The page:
Get 20M+ Full-Text Papers For Less Than $1.50/day. Start a 14-Day Trial for You or Your Team.

Learn More →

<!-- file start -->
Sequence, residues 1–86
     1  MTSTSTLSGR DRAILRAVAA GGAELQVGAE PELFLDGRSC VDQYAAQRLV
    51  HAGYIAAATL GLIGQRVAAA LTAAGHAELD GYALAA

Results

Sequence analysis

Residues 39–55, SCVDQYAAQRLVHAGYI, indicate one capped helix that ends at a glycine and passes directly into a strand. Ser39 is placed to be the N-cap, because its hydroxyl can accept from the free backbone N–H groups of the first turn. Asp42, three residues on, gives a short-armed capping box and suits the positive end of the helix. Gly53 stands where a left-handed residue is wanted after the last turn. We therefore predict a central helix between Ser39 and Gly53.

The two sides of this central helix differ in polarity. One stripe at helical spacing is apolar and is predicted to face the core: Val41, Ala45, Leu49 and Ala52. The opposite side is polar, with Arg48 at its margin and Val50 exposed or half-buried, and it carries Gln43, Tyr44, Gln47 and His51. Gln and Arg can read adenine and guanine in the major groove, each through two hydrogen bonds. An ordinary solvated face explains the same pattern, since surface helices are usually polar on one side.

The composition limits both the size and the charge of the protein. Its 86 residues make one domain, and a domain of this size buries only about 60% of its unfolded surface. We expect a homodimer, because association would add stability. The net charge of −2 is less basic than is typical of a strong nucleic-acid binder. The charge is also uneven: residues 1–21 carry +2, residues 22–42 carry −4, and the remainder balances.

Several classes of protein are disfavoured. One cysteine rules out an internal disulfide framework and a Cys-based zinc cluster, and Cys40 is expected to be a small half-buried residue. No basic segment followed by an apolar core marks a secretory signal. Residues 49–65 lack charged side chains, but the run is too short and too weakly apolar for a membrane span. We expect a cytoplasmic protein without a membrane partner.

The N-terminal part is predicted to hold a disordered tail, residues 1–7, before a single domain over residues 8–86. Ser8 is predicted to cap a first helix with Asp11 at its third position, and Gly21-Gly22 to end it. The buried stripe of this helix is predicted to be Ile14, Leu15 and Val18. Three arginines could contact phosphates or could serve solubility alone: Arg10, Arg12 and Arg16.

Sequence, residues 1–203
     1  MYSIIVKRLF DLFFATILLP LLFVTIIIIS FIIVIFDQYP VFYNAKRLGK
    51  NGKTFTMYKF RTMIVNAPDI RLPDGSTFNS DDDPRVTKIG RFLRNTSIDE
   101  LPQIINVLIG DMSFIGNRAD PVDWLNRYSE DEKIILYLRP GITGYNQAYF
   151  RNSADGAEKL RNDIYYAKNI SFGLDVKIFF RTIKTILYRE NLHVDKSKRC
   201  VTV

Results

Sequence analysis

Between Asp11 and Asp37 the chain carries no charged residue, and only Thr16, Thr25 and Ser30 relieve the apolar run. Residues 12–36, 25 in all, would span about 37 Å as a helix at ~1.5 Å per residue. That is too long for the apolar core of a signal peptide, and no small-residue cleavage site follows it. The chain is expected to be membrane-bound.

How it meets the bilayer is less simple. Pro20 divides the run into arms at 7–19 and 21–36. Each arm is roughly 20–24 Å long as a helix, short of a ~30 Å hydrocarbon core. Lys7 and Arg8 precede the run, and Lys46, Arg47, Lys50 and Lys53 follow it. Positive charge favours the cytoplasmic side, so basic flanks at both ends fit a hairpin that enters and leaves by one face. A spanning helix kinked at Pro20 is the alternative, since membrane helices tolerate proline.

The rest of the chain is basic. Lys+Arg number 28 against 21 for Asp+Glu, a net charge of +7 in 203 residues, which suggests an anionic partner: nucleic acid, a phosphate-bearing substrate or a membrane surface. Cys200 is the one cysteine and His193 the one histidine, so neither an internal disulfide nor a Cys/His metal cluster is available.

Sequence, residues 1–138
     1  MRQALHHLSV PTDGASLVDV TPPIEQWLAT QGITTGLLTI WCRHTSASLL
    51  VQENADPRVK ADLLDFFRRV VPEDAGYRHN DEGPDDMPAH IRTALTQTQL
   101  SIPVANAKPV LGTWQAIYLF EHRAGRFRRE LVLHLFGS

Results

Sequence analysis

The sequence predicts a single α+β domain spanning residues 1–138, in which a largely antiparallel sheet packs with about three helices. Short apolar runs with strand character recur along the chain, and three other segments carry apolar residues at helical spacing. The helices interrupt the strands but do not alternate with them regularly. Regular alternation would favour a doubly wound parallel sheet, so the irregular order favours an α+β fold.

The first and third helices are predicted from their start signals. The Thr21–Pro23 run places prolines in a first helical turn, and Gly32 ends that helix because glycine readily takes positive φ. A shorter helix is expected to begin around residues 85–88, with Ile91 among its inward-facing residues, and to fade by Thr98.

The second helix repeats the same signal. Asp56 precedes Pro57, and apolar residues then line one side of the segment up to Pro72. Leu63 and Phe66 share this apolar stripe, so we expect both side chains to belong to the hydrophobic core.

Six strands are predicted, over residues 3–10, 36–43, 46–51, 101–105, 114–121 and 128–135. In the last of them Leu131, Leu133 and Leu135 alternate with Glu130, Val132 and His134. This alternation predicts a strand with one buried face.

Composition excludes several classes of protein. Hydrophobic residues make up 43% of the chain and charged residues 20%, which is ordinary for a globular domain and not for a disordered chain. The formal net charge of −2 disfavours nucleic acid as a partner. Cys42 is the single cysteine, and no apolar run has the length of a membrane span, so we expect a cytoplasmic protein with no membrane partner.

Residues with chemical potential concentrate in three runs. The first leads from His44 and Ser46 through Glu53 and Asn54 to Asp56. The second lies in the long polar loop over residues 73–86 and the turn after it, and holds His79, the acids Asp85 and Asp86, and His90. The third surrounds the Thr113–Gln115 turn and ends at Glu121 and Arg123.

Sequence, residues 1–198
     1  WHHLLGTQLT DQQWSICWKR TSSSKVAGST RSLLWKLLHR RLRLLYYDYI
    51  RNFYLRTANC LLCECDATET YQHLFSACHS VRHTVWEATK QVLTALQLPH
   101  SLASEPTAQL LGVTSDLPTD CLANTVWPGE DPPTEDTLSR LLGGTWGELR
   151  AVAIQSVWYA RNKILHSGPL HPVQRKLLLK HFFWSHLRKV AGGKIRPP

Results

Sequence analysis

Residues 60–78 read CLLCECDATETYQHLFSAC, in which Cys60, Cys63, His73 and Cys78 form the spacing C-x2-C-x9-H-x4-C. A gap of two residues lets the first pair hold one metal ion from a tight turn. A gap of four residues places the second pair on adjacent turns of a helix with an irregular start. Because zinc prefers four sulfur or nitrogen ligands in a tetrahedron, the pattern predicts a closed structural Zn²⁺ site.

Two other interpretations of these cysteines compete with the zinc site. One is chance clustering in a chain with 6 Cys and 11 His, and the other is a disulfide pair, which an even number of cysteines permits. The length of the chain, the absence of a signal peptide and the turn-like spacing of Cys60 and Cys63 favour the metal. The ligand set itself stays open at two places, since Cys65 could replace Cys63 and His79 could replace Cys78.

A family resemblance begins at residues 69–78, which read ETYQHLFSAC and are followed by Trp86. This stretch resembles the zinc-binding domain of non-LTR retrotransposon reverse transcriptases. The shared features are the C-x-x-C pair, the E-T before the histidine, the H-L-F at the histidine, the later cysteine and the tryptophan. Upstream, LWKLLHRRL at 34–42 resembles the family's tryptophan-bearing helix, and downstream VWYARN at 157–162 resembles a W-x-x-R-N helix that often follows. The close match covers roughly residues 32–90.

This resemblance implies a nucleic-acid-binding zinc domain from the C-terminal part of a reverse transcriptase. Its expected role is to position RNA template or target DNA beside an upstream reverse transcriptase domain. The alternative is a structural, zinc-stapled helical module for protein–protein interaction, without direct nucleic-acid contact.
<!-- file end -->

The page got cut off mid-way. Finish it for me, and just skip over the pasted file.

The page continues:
GCN5 contributes to stem cuticular wax biosynthesis by histone acetylation of CER3 in Arabidopsis